Jeremiah 36:1. The fourth year of Jehoiakim. Though this chapter seems out of its place, yet it may not be so, but may be a reference to past events.
Jeremiah 36:2. Take thee a roll of a book. Ancient volumes of parchment were rolled, and sometimes on a staff. The writing was in columns from the right to the left, so that the reader could with ease coil up in his right hand what he had read.
Jeremiah 36:3. It may be that the house of Judah will hear—that I may forgive their iniquity. This was, in fact, the last summons to the rebellious court of king Zedekiah. Bad as their affairs were, an unfeigned act of fasting and prayer would even then have saved the nation.
John Chrysostom, on this passage asserts, that the divine prescience is not the cause of sin. “God says, perhaps. Was he then ignorant of the future? Did he not know whether the Jews would hear; he who knows all events before they happen; he who searches the hearts and tries the reins; he who penetrates the secrets of man, and before whose eyes all things are manifest, and without a veil?
Let us examine why he says, it may be, or perhaps. Had he said, they will hear, without adding perhaps, it had been untrue, seeing that they did not hearken. Had he said what was true, they will not hear, it would have been in vain to send a prophet to men who would not hear. This is our first reason, which implies a second. If he here employed a contingent or doubtful language, it is that mankind may not believe that the prescience of God forces the human will; it is that no one might say, that what God has foreseen must of necessity occur, as some men affirm of Judas.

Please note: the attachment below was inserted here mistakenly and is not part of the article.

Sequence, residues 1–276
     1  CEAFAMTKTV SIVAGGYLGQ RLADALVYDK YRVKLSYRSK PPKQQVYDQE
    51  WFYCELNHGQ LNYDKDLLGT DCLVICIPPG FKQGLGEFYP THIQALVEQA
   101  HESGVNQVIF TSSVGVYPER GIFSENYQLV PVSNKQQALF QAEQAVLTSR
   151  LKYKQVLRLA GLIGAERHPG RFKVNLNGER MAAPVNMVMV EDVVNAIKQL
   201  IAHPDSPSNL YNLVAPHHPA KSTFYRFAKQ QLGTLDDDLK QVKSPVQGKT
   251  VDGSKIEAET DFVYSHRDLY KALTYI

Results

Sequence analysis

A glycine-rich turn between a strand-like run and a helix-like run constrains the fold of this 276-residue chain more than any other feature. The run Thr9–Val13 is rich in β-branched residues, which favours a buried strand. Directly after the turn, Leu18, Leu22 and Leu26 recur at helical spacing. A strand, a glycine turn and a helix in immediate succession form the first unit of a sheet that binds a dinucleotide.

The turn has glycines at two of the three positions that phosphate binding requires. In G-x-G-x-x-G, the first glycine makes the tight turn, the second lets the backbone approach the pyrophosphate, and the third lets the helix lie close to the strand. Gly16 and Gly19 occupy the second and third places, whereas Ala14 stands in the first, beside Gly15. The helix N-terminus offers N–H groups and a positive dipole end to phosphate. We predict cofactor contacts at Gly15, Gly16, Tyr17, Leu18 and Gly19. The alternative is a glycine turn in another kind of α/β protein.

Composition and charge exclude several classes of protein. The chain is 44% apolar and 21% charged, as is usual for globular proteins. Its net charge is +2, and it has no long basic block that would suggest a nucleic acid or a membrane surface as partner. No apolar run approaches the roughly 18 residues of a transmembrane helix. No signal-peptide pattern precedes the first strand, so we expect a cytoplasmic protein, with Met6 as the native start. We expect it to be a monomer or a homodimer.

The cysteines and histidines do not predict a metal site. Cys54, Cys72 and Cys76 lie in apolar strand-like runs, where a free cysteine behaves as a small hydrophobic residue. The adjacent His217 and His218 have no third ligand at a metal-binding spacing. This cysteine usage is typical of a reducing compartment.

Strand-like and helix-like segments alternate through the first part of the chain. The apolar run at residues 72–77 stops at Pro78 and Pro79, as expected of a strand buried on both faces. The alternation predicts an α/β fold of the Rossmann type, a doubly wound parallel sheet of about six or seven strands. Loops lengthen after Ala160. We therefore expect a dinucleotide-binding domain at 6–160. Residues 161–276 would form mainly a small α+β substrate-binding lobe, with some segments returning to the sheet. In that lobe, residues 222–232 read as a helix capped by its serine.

Jesus Christ, they say, foresaw that Judas would prove a traitor, and for that reason Judas was a traitor. What folly—what blindness, oh man! Prescience is not the cause of sin. God forbid. It never necessitates future actions. It merely gives us to perceive them. Judas was not a traitor because Jesus Christ foresaw it; but Jesus Christ foresaw the treason, because Judas would commit the crime. Lest therefore you should say, that God having foretold the obduration of the Jews, implied that he had shut up against them all the avenues of repentance, God himself here anticipates your objection by saying to his prophet, It may be that the house of Judah will hear, that I may forgive their iniquity.”—Homily on the obscurity of the Prophets.
Jeremiah 36:5. I am shut up, either in prison, or confined at home by infirmities, or by an injunction of government. The last idea seems the most probable, though he might be released by the day that Baruch read. The same Hebrew word is used in Nehemiah 6:10.
Jeremiah 36:12. Elnathan, son of Achbor. He is also named Urijah, and was arrested in Egypt: Jeremiah 26:22.
Jeremiah 36:23. Leaves. The LXX use the word σελιδας, selidas, which signifies columns.
Jeremiah 36:30. His dead body shall be cast out. This was done by the Chaldean soldiers, when they ravaged the tombs for treasures: Jeremiah 22:18-19.